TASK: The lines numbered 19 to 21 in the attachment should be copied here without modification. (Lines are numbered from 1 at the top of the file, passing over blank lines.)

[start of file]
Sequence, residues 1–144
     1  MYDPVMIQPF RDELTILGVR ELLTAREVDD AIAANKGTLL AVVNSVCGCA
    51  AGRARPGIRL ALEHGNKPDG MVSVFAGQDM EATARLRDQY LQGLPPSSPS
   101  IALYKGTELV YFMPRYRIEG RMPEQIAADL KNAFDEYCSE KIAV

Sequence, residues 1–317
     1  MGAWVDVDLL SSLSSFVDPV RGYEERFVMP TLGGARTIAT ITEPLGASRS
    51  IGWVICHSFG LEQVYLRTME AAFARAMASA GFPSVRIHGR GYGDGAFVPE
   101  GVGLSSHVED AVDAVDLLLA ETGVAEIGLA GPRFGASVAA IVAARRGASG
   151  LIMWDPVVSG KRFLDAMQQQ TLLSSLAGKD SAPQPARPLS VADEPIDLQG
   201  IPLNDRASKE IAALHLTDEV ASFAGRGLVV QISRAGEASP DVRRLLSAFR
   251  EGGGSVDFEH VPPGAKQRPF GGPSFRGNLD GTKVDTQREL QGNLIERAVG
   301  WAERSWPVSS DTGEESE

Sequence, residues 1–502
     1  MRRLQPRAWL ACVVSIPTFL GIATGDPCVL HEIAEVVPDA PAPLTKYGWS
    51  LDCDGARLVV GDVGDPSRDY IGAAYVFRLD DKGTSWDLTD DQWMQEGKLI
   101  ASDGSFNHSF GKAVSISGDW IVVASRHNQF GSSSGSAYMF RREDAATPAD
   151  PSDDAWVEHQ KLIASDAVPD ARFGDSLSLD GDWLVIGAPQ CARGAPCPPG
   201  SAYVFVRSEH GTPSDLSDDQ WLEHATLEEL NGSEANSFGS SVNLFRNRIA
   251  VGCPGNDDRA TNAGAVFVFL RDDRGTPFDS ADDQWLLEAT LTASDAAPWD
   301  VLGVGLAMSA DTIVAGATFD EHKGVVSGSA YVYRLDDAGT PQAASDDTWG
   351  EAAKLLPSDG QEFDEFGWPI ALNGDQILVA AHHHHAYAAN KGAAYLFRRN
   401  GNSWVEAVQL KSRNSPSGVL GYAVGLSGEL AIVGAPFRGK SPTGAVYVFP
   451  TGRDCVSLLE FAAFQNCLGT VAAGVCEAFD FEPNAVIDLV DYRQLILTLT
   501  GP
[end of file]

   251  VGCPGNDDRA TNAGAVFVFL RDDRGTPFDS ADDQWLLEAT LTASDAAPWD
   301  VLGVGLAMSA DTIVAGATFD EHKGVVSGSA YVYRLDDAGT PQAASDDTWG
   351  EAAKLLPSDG QEFDEFGWPI ALNGDQILVA AHHHHAYAAN KGAAYLFRRN